Periodontal (gum) disease is insidious. It is an infection of the gums that starts out as plaque, an opaque film on the teeth that hardens to form tartar. As tartar accumulates, it harbors bacteria that attack the soft tissue around the gums. This is the early stage of gum disease known as Gingivitis. Left untreated, Gingivitis becomes Periodontitis which ultimately destroys the tissue surrounding your teeth AND the bone that holds your teeth in place. Except for bad breath and gums that bleed, there are very few early warning signals. The disease advances silently, often without pain, and before you know it, you are losing your teeth and you don't know why.
Tooth loss is only the most obvious indicator of gum disease. Scientific research has discovered linkage between gum disease and stroke, heart disease, diabetes - even an increased risk for pregnant women. When your gums become diseased, your entire immune system is weakened.
In the past, fear of painful dental surgery has kept people with gum disease from seeking the care they needed. Well, those days are gone forever.
The American Dental Association says three out of four Americans have some degree of periodontal disease in their lifetime.
Gum disease (periodontal disease) does not hurt. That’s the major problem. Gum disease is an infestation of bad-bacteria below the gum line, which cannot easily be removed. This causes attachment loss and bone loss. Most people are worried about gum-recession, when the problem is attachment recession. The first misconception is that your gums are attached to your teeth where you see them. The attachment is actually several millimeters below where you see your gums on your tooth. The hygienist / dentist will take an instrument and slide it along the root-surface of your tooth. When he or she feels resistance, this is the attachment level. The instrument is now below the gums, and a measurement can be made. Anything more than three millimeters is considered periodontal disease. Your gums do not have to recede to get gum-disease. It is the attachment level that we are interested in. This creates a pocket or an un-cleansable area which now harbors bacteria. If these bad-bacteria produce toxin, the body’s response is to pull back, this causes more problems. So as this pocket gets larger, inflammation of the gum tissue increases, this often causes bleeding upon brushing. This is a sign of gum-disease.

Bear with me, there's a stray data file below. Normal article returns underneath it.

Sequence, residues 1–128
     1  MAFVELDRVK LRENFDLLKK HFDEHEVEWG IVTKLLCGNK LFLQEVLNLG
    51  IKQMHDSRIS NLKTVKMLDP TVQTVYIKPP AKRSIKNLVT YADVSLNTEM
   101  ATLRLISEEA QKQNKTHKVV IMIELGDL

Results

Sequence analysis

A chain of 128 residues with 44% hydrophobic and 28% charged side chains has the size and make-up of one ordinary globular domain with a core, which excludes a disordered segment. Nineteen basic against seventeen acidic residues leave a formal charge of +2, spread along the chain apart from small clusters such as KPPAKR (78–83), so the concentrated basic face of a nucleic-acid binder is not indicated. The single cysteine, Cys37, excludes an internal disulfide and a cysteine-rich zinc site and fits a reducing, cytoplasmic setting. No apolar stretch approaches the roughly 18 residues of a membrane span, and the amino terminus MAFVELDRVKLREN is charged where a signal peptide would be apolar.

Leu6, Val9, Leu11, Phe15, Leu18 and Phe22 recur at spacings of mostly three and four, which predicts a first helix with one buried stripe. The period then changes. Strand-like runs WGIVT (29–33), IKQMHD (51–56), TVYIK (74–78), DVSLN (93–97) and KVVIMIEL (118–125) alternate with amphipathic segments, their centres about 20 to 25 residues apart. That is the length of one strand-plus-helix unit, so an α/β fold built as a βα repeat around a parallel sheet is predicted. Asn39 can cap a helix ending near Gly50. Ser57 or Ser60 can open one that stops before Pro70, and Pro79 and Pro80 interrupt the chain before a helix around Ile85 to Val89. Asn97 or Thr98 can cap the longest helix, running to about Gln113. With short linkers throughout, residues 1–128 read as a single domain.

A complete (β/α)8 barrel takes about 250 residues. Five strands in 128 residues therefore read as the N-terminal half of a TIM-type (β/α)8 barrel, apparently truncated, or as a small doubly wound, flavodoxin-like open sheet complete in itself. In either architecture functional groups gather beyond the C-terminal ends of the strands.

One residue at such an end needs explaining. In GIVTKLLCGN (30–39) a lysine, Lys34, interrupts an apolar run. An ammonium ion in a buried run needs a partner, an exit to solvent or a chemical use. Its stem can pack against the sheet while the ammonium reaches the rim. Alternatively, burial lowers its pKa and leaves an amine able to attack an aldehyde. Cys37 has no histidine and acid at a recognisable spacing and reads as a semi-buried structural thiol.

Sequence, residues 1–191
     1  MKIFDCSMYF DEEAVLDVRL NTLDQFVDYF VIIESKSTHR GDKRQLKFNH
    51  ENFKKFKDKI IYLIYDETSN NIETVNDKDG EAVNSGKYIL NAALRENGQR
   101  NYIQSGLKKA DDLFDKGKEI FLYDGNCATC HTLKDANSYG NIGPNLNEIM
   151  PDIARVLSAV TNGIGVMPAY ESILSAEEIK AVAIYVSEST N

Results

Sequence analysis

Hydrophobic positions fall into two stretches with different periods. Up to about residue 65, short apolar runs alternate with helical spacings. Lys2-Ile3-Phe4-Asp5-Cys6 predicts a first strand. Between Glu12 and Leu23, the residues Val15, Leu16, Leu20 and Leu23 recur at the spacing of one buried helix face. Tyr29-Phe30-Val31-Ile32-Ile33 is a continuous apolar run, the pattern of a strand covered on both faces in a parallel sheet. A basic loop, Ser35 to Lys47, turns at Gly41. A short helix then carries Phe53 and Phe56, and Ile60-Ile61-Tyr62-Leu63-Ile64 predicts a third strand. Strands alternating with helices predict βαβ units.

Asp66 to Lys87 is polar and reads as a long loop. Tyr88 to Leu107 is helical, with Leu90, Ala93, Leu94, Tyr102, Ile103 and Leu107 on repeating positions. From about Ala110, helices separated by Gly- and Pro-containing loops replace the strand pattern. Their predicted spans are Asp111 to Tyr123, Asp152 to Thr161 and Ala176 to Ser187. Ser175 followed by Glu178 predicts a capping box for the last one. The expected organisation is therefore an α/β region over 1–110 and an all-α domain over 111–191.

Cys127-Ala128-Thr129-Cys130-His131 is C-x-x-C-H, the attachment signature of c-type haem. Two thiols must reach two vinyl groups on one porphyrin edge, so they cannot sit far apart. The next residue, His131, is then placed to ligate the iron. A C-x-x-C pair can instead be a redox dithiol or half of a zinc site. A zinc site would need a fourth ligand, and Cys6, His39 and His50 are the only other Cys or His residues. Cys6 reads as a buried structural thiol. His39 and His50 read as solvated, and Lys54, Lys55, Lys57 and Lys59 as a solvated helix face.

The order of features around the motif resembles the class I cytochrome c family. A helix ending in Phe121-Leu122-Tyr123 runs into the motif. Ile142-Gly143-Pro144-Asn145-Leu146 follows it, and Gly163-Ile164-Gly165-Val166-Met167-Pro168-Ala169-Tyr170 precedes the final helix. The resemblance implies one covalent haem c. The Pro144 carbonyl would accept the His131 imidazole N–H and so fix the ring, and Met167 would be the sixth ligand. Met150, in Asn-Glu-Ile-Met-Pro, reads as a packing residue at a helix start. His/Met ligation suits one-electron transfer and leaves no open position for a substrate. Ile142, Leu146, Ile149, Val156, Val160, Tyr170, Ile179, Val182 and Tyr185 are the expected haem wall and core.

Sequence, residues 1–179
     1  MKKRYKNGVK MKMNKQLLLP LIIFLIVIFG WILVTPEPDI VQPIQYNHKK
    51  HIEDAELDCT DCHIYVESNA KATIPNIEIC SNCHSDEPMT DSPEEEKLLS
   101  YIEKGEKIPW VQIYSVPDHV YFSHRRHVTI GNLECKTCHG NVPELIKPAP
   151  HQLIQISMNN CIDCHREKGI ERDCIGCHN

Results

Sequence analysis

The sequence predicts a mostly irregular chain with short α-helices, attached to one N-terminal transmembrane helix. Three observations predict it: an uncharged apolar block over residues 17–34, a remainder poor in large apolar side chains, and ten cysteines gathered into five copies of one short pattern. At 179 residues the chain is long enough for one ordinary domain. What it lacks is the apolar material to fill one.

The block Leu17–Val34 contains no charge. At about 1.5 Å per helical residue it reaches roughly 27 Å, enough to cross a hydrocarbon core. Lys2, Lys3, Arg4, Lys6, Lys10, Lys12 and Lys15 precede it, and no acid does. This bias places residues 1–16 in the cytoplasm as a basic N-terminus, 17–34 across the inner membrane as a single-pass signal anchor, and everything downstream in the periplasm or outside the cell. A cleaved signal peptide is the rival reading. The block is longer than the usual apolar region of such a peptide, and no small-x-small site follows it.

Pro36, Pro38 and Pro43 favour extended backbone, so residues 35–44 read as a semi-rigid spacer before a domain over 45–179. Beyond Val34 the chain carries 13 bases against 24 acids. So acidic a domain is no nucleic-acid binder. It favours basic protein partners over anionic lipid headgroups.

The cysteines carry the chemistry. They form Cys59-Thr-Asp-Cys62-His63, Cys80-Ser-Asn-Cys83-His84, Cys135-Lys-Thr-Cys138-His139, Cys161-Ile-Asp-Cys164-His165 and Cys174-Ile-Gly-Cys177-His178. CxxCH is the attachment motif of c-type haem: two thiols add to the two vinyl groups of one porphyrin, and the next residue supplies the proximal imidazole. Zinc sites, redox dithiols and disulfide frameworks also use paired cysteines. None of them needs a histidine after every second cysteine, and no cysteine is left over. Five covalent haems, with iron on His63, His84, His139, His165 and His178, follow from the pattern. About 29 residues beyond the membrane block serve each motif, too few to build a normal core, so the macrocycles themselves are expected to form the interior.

There are many different treatments. One is to go to a periodontist. (Gum specialist) The first treatment is usually deep cleanings. The root surfaces must be cleaned thoroughly to allow the attachment to come back. Aids to this are water picks, lasers, peroxide based toothpaste, such as Rembrandt, and other surgical procedures.
As a patient you should be aware of your periodontal numbers so you can clean those areas better where there are deep pockets. If you think you have periodontal disease, please get seen by a dentist and have your teeth probed, and be given your options for disease resolve.